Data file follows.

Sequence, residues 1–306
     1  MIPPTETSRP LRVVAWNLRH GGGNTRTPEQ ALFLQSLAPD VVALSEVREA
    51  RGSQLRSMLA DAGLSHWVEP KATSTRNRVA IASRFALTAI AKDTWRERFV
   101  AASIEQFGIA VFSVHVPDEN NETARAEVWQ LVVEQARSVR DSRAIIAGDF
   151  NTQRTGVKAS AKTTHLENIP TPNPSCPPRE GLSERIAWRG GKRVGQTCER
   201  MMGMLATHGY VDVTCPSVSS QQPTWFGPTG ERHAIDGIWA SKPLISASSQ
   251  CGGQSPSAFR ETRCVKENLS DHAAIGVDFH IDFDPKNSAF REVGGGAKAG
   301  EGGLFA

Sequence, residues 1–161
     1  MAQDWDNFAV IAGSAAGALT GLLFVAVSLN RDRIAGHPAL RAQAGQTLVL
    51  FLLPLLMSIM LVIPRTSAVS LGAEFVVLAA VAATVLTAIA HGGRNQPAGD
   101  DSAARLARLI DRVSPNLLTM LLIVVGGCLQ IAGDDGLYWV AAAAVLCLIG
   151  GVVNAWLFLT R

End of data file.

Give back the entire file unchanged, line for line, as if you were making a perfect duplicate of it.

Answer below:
Sequence, residues 1–306
     1  MIPPTETSRP LRVVAWNLRH GGGNTRTPEQ ALFLQSLAPD VVALSEVREA
    51  RGSQLRSMLA DAGLSHWVEP KATSTRNRVA IASRFALTAI AKDTWRERFV
   101  AASIEQFGIA VFSVHVPDEN NETARAEVWQ LVVEQARSVR DSRAIIAGDF
   151  NTQRTGVKAS AKTTHLENIP TPNPSCPPRE GLSERIAWRG GKRVGQTCER
   201  MMGMLATHGY VDVTCPSVSS QQPTWFGPTG ERHAIDGIWA SKPLISASSQ
   251  CGGQSPSAFR ETRCVKENLS DHAAIGVDFH IDFDPKNSAF REVGGGAKAG
   301  EGGLFA

Sequence, residues 1–161
     1  MAQDWDNFAV IAGSAAGALT GLLFVAVSLN RDRIAGHPAL RAQAGQTLVL
    51  FLLPLLMSIM LVIPRTSAVS LGAEFVVLAA VAATVLTAIA HGGRNQPAGD
   101  DSAARLARLI DRVSPNLLTM LLIVVGGCLQ IAGDDGLYWV AAAAVLCLIG
   151  GVVNAWLFLT R